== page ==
St. Jude, How Does Your Garden Grow?

eat.drink.MISSEDM August 2014ISSIPPI
August / September 2014

If hindsight is 20/20, it would appear all roads led Chef Miles McMath to St. Jude. McMath grew up in the Goodsprings community of Alabama, in what he describes as a “little, tiny, small town outside of Jasper.” He enjoyed a childhood that today would seem foreign to many younger generations. Before supermarkets could be found on just about every street corner, friends and families gathered together in kitchens or on front porches to shell peas or hull corn. Home gardens and canning fruits and vegetables were the norm rather than a novelty.

“I have memories of eating poke sallet in the spring and canning everything. Everyone had storm shelters that were filled with canned goods that we grew and canned ourselves,” McMath recalls. “We hunted rabbit, deer, squirrel, and turtle. But when fast food came in the 80’s, everything changed. People stopped doing those things. Maybe I was destined to become a chef. As you get older, you start to look for ways to get those memories back.”

McMath attended Sullivan College in Louisville, KY, before launching his culinary career under Chef John Castro at Hasenour’s Restaurant in Louisville. He left Louisville to accept the position of chef de cuisine at the Grand Casino in Gulfport, working his way to corporate research and development for all seven establishments owned by Grand Casino, Inc.

Eventually, McMath found his way to Hernando where he opened Timbeaux’s, his first of three restaurants in the area. He currently lives in a small community in Hernando where he says many of his neighbors share his love of home grown food. McMath and his family maintain a full garden and at one point raised their own pigs on the property.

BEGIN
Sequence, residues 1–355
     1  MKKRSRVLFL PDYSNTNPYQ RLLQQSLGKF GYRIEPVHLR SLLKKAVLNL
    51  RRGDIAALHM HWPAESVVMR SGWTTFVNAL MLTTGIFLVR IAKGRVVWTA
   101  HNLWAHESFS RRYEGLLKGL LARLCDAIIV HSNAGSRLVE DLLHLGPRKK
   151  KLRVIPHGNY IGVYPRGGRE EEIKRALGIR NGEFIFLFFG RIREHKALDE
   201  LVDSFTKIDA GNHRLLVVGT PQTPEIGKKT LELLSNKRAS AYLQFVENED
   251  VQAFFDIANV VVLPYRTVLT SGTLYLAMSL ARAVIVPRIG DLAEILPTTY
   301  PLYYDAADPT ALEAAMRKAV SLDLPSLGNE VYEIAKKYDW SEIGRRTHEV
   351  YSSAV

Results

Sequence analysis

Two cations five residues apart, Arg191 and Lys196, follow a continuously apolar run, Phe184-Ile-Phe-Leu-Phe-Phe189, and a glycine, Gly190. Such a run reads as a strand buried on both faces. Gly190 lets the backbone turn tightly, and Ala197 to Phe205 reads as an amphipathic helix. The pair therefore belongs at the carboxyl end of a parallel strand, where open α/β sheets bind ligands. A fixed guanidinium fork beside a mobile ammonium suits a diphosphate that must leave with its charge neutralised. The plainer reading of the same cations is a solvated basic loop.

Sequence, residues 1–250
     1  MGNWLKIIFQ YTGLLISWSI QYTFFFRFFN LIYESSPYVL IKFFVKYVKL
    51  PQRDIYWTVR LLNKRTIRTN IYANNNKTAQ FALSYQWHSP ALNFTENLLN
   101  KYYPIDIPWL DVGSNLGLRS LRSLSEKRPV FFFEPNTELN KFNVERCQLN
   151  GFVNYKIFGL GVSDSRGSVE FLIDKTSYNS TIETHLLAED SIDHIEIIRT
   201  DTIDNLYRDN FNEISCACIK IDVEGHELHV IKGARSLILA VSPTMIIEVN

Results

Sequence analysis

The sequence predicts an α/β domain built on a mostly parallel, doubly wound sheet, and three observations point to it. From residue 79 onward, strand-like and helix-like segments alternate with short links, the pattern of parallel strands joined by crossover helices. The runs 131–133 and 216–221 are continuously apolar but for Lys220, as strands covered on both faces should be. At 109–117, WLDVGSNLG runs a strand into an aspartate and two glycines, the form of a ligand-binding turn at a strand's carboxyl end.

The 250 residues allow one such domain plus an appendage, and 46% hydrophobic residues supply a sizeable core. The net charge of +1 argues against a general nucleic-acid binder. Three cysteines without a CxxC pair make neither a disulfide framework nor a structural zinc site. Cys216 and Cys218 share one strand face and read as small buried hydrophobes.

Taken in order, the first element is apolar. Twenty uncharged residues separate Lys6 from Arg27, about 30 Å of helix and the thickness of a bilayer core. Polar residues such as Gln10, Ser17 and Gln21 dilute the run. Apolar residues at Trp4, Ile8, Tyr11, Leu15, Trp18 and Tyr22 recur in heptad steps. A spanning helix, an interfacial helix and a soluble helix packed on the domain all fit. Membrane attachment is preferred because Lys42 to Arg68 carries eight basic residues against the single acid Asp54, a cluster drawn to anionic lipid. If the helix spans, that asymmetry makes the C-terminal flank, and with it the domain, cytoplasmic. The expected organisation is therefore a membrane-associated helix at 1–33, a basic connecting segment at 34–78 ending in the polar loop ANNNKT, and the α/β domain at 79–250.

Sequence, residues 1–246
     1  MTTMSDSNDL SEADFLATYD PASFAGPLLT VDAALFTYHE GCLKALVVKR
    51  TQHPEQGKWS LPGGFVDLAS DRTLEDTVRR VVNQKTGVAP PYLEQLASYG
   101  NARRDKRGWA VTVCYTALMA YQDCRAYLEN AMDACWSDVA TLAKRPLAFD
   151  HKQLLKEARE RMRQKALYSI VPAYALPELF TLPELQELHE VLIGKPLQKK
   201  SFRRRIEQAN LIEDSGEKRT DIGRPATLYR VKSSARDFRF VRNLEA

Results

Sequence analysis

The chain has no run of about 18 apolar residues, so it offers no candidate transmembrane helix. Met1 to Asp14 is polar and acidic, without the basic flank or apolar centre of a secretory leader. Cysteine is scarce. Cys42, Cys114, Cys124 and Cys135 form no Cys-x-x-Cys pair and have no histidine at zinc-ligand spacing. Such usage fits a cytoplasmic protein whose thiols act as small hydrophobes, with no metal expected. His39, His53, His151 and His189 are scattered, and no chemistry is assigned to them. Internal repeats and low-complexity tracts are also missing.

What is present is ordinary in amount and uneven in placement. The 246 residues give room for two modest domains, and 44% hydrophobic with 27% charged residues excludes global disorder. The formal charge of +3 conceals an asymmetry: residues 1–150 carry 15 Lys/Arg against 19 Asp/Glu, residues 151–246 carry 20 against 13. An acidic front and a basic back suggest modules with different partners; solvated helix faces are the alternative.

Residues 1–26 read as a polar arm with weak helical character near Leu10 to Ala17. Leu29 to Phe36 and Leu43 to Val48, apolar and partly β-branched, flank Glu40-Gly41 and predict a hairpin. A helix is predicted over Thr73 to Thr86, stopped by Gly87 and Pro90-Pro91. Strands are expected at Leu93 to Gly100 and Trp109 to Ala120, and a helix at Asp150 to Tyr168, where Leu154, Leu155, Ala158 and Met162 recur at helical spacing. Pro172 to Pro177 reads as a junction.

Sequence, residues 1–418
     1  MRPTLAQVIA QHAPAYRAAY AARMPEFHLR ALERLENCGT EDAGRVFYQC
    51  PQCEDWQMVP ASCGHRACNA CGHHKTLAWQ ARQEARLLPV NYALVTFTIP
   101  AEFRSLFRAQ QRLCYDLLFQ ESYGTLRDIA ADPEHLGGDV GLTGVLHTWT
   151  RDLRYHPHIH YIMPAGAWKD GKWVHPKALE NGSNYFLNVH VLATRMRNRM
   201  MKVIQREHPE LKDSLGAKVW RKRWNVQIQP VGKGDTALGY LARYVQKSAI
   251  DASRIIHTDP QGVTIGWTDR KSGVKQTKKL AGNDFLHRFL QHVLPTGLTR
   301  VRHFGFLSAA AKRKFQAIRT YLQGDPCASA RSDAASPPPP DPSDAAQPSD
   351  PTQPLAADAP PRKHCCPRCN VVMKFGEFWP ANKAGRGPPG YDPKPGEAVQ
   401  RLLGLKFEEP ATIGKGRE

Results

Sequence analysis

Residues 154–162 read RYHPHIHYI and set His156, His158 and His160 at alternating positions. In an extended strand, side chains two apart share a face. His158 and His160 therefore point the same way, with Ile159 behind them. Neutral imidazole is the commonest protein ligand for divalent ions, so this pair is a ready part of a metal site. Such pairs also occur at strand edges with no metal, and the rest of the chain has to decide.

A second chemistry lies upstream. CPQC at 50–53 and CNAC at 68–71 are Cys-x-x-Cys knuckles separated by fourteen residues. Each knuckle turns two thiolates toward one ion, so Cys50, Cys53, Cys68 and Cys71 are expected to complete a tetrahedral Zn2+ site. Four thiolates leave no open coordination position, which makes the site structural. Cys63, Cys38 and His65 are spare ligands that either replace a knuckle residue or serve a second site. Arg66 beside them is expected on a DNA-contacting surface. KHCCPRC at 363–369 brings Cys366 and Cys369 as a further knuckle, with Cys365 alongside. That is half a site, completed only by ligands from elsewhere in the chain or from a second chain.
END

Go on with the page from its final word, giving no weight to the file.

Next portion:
Anyone who works in the restaurant indsutry can attest that the hours are long and they don’t fit into the traditional 8-5 workday. By 2008, McMath was married with children and wasn’t keen on spending nights away from his family. He was just about to sign a contract for another job when a friend told him about a huge $16 million cafeteria renovation at St. Jude Children’s Hospital in Memphis. The Kay Kafe, which was funded by Sterling Jewelers Inc., parent company of Kay Jewelers and Jared The Galleria of Jewelry, was designed to accommodate up to 1,000 diners. It features numerous food stations, each featuring a different food variety. In addition to McMath, the hospital employs four certified executive chefs, each with different backgrounds who are able to bring different cooking techniques and experiences to the kitchen.

Upon accepting the job as Director of Culinary operations for St. Jude, McMath knew, “a beautiful place like that had to have good food.” That’s when the idea was “planted” in McMath’s head to draw from his childhood experiences in rural Alabama and establish a garden on the St. Jude campus.

Through the help of employees and volunteers, the garden slowly began to grow. An unused adjacent lot owned by the hospital was reallocated for the space. What started as a small herb garden has now grown into almost sixty raised beds that contain everything from vegetables to herbs, in addition to a greenhouse and hoop houses for growing lettuce and tomatoes year round. The garden is tended by volunteers, many of whom are hospital employees.

Everything harvested from the garden is used in the 2,500 meals the Kay Kafe puts out each day.  Not only does the garden save donor dollars, but the nutritional value is unsurpassed. Fruits and vegetables begin to lose their nutrients shortly after they are picked. Everything harvested from the St. Jude garden is typically used within 12 hours. Those added nutrients can go a long way when it comes to the health of a sick child.

McMath has even taken his unique approach to the “farm-to-table” movement one step further. What they are not able to produce on the grounds, they source from farmers within 150 miles of the hospital. This includes not only fruits and vegetables, but farm-raised meat.

“This is the best job I’ve ever had, but it’s not really even a job to me,” McMath admits. “St. Jude has allowed me to bring everything together – all these experiences I’ve had. It’s my way of giving back.”

McMath’s contributions haven’t gone unnoticed. Earlier this year he was invited to cook at the James Beard House in New York City. An invitation to cook at the James Beard House is highly coveted and has been extended to other noteworthy chefs such Emeril Lagasse, Daniel Boulud, Nobu Matsuhisa, Jacques Pépin, and Charlie Trotter. Currently, McMath is the only documented chef from an institution to have been extended this honor.

Says McMath, “It’s hard not to get excited about this program. We’re just people taking care of these children. They deserve the best.”

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